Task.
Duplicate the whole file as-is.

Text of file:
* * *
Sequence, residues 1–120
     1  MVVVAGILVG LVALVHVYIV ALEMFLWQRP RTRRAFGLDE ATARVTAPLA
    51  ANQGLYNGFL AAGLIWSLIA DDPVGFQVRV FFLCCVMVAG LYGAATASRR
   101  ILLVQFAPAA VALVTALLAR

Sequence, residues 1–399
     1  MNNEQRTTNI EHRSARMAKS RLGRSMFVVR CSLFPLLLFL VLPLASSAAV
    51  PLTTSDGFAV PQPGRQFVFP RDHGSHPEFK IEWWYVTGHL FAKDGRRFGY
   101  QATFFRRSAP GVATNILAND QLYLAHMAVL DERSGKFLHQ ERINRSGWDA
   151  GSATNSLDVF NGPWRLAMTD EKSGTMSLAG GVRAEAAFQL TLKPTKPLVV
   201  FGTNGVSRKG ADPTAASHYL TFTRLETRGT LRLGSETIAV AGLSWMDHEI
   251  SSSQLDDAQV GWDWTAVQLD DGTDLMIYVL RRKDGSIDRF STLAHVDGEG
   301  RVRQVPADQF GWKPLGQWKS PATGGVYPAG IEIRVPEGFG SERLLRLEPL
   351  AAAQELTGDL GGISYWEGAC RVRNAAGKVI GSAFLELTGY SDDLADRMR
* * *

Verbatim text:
Sequence, residues 1–120
     1  MVVVAGILVG LVALVHVYIV ALEMFLWQRP RTRRAFGLDE ATARVTAPLA
    51  ANQGLYNGFL AAGLIWSLIA DDPVGFQVRV FFLCCVMVAG LYGAATASRR
   101  ILLVQFAPAA VALVTALLAR

Sequence, residues 1–399
     1  MNNEQRTTNI EHRSARMAKS RLGRSMFVVR CSLFPLLLFL VLPLASSAAV
    51  PLTTSDGFAV PQPGRQFVFP RDHGSHPEFK IEWWYVTGHL FAKDGRRFGY
   101  QATFFRRSAP GVATNILAND QLYLAHMAVL DERSGKFLHQ ERINRSGWDA
   151  GSATNSLDVF NGPWRLAMTD EKSGTMSLAG GVRAEAAFQL TLKPTKPLVV
   201  FGTNGVSRKG ADPTAASHYL TFTRLETRGT LRLGSETIAV AGLSWMDHEI
   251  SSSQLDDAQV GWDWTAVQLD DGTDLMIYVL RRKDGSIDRF STLAHVDGEG
   301  RVRQVPADQF GWKPLGQWKS PATGGVYPAG IEIRVPEGFG SERLLRLEPL
   351  AAAQELTGDL GGISYWEGAC RVRNAAGKVI GSAFLELTGY SDDLADRMR